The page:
Amy Spurling: Yes! Perks aren’t just for the “knowledge workers” or those in offices. Yes, it is hard to find and hire engineers, but having 200% turnover in your coffee shop franchise is entirely more difficult. We work with companies to offer stipends to those hourly workers so that they can then receive perks that are flexible and also allow them to differentiate themselves from every other hourly place a person could work.

Looking back at Q2 of 2021, we found health and wellness is consistently the most popular perk spending category, but “health and wellness” could mean a gym membership to one person and a meditation app to another. It’s no surprise restaurant staff want different perks than daycare workers. A retail employee may want child care benefits for when they need to pick up a shift where the construction worker may want health and wellness perks to spend on a gym membership to stay fit. Companies can’t offer a Friday pizza party and expect to attract and retain employees. Personalized perks gives the power to the people to fulfill their needs, thus boosting morale and increasing retention.

GD: The option to work remotely was, not so long ago, a coveted perk but is now the ordinary employment setting for millions of workers. What perks are remote workers seeking?

Amy Spurling: Everything they had before, and then some. We ran a study on over 4,500 of our employee users (many of whom are remote) to see how many different vendors they could possibly use. The answer was shocking. In just three months they used 6,500 different vendors! Because employees are working remotely and completely dispersed, having a pass to the company gym no longer works. Companies are looking to support concepts (health and wellness, family, food, etc.) rather than specific vendors so they can reach more people. Personalization is key.

We’re seeing a trend of remote workers seeking perks like company-paid internet, cell phone allowances, technology reimbursements, and at-home office setup. In fact, cell phone and internet reimbursements were in the top five categories for employee perks for the first half of 2021 and we expect to see that trend continue.

But we’re also seeing some more interesting ways remote employees are spending their perk dollars, like with “family stipends” to cover all costs associated with the home. This goes beyond a monthly internet stipend; employees are using it for other household utilities, groceries, and even home improvement. Think about it – now that you’re working from home all day long, you start to notice how small your kitchen is and how you just can’t stand the paint color in your office.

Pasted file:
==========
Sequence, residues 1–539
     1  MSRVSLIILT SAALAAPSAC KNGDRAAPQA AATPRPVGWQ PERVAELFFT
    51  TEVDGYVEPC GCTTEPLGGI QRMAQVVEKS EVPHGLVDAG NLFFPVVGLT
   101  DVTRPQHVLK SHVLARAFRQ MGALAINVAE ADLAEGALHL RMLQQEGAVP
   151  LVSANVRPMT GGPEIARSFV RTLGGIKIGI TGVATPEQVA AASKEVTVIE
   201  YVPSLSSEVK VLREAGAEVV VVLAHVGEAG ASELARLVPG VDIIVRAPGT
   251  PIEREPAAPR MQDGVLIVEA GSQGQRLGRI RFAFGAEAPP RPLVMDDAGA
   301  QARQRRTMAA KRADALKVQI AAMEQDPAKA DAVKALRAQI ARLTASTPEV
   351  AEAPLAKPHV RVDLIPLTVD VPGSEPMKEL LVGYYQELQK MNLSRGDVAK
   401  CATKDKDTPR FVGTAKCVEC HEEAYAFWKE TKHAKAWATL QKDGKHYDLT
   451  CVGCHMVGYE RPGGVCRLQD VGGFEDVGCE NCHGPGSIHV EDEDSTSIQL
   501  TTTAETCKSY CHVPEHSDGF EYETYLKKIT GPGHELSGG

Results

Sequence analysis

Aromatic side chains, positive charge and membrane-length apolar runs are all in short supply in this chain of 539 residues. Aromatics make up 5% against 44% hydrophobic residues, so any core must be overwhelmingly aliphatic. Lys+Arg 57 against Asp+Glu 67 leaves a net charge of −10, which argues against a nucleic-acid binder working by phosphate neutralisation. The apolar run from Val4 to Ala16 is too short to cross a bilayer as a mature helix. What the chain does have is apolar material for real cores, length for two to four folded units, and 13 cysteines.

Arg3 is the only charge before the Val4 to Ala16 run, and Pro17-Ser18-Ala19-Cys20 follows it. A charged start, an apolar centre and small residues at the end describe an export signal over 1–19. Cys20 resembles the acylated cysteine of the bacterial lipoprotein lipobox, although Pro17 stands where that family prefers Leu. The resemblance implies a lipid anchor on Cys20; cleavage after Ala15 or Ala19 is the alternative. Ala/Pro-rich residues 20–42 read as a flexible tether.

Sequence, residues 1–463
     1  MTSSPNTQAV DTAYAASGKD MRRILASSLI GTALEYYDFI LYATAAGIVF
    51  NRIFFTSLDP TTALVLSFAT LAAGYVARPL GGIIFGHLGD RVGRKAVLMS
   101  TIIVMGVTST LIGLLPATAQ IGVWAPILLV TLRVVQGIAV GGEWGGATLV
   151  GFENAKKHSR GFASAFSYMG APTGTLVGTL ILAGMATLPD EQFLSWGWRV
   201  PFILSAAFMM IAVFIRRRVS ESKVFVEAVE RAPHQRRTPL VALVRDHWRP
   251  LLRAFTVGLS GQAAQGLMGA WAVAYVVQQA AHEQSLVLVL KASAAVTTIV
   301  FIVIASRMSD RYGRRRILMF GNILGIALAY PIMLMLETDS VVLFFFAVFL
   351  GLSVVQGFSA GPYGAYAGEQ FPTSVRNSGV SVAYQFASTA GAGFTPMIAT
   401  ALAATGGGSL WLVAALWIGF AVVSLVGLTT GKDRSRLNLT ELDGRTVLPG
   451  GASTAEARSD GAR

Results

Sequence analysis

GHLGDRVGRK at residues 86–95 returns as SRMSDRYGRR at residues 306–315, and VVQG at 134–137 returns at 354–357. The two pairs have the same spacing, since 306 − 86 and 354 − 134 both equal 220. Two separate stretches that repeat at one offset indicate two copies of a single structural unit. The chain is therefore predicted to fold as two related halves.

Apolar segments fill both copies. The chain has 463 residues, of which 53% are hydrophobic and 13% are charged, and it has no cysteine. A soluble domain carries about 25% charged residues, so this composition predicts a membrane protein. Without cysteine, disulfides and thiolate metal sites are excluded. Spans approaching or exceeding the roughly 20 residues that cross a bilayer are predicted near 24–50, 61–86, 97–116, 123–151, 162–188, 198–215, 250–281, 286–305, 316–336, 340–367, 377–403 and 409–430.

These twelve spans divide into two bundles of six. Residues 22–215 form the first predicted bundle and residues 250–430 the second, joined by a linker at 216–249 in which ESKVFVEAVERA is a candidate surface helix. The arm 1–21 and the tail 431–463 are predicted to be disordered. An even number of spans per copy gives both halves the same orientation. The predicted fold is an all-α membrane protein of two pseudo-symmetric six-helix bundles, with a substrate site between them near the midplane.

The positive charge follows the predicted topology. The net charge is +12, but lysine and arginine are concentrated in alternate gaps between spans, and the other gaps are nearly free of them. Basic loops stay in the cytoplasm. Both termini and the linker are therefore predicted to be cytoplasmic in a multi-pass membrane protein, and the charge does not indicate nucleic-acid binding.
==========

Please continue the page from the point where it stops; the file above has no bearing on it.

GD: What are the most prominent trends in employee benefits and perks that you are paying attention to now?

Amy Spurling: The biggest trend is the push for perks in places that didn’t historically have them – restaurants, hotels, hospital staff, construction sites, etc. Just having life insurance and 401k isn’t going to get you the best people. People want and expect their companies to support more of their lives. The beauty of stipends is that you can empower your team to make choices for themselves, while not breaking the bank from a budget perspective. We find that most companies are not adding a net-new budget line item. They are taking funds that were essentially wasted (on things like gift cards, tchotchkes, etc) and repurposing them to be meaningful for the entire team.

By Peter Page Peter Page has been verified by Muck Rack's editorial team

Journalist verified by Muck Rack verified

Peter Page is an Editor-at-Large at Grit Daily. He is available to record live, old-school style interviews via Zoom, and run them at Grit Daily and Apple News, or BlockTelegraph for a fee.Formerly at, he began his journalism career as a newspaper reporter long before print journalism had even heard of the internet, much less realized it would demolish the industry. The years he worked as a police reporter are a big influence on his world view to this day. Page has some degree of expertise in environmental policy, the energy economy, ecosystem dynamics, the anthropology of urban gangs, the workings of civil and criminal courts, politics, the machinations of government, and the art of crystallizing thought in writing.